Omenai led me into a showroom nearby, where the whole development was mapped out on an enormous table. Each lot was marked, each street, each tree. Omenai explained that Eko Atlantic will be a mix of commercial and residential buildings, that it will have its own natural gas power plant, its own water supply, its own schools and, of course, its own security force. On the walls were artistic renderings of what the development will look like – glitzy high-rises, traffic-free streets, wide promenades where people will enjoy the fresh sea air. The showroom reminded me of condo sales offices in Miami, where a beautiful life is imagined for you, if you will just get out your checkbook and put down a deposit.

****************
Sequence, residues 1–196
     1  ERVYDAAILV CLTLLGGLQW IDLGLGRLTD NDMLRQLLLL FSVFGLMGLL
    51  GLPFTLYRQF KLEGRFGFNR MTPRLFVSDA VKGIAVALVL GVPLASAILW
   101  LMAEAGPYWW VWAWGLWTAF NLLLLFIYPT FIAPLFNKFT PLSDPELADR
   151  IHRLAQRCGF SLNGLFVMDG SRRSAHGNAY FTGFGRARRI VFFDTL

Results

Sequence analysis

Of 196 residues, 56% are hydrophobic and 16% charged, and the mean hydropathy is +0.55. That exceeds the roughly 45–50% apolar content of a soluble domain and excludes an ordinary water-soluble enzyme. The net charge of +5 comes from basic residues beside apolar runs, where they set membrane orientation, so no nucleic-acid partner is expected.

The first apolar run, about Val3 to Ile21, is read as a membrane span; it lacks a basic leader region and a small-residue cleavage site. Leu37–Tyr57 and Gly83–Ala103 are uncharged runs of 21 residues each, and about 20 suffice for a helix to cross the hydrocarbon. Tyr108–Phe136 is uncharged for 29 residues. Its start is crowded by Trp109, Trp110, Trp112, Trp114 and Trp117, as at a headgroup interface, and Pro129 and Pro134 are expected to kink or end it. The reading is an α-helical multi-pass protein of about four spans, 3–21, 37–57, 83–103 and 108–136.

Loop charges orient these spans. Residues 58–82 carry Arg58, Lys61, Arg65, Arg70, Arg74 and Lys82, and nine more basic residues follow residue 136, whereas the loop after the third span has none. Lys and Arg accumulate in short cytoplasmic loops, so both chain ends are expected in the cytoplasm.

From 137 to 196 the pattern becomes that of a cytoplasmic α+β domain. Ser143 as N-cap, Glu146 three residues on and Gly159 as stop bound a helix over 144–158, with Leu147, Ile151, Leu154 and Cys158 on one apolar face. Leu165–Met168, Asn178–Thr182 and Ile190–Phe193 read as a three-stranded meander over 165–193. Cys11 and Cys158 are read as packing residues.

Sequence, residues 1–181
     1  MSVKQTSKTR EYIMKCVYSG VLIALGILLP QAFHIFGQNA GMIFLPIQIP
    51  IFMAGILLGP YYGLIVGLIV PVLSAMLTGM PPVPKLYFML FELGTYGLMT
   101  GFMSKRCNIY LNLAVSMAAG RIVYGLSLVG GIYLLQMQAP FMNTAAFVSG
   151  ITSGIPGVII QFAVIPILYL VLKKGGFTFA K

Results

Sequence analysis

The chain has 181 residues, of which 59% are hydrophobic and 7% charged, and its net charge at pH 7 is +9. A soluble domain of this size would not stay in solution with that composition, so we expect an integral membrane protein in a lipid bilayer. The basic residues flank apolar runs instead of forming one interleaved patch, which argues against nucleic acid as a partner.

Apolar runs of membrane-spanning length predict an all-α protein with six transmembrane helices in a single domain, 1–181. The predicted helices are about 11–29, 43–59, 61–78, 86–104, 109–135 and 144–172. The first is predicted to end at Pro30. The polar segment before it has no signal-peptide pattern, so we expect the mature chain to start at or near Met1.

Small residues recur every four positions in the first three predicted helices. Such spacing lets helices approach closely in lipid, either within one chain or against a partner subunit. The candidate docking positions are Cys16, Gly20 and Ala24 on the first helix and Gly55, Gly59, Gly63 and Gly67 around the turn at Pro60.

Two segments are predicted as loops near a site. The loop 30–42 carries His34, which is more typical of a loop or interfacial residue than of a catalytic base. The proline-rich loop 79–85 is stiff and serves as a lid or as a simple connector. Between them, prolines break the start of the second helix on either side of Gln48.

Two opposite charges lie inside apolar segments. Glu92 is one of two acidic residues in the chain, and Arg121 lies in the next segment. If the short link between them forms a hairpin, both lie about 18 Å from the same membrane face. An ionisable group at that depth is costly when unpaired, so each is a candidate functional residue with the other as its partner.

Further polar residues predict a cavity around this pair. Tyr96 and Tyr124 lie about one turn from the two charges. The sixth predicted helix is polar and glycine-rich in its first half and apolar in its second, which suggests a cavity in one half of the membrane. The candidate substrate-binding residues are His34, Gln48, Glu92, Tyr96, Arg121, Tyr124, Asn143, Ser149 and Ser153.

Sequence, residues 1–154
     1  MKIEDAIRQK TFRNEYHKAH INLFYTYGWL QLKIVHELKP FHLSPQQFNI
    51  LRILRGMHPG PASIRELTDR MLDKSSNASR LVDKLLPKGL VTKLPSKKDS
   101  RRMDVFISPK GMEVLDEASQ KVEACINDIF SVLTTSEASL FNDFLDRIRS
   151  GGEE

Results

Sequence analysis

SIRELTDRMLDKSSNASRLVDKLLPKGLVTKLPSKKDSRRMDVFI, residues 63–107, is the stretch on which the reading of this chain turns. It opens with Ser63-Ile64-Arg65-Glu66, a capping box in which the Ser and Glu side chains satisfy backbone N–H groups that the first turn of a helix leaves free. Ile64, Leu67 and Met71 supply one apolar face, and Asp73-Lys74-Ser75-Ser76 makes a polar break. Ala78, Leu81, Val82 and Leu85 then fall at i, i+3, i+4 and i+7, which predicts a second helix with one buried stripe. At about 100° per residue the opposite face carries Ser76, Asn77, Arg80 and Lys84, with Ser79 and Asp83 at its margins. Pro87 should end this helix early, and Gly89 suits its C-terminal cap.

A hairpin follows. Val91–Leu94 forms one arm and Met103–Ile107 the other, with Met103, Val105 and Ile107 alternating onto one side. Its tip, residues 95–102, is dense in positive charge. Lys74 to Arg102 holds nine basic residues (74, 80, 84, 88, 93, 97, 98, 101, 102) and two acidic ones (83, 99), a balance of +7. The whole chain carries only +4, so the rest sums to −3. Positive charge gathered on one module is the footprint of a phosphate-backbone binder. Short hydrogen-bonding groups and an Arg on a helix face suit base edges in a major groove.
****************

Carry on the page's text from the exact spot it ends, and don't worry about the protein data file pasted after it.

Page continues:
I pointed to a random plot on the map of the development. It was 6,000 square meters. “How much is that?”

“Eighteen million euros,” he told me.

I pointed to a smaller one – the smallest on the map: 2,500 square meters. “How much is that?”

“Six million euros.”

When I looked a little shocked, he reminded me that this land would be bought by developers who would build condo towers, not single-family homes.

“How many people do you imagine will be living here when the project is completed?” I asked.

“About 300,000,” he told me.

“I didn’t know there were that many rich people in Lagos,” I said.

“Well, there are not. These condos will be bought by middle-class people, working professionals. That is our target audience.” [more]

The Climate Apartheid: How Global Warming Affects the Rich and Poor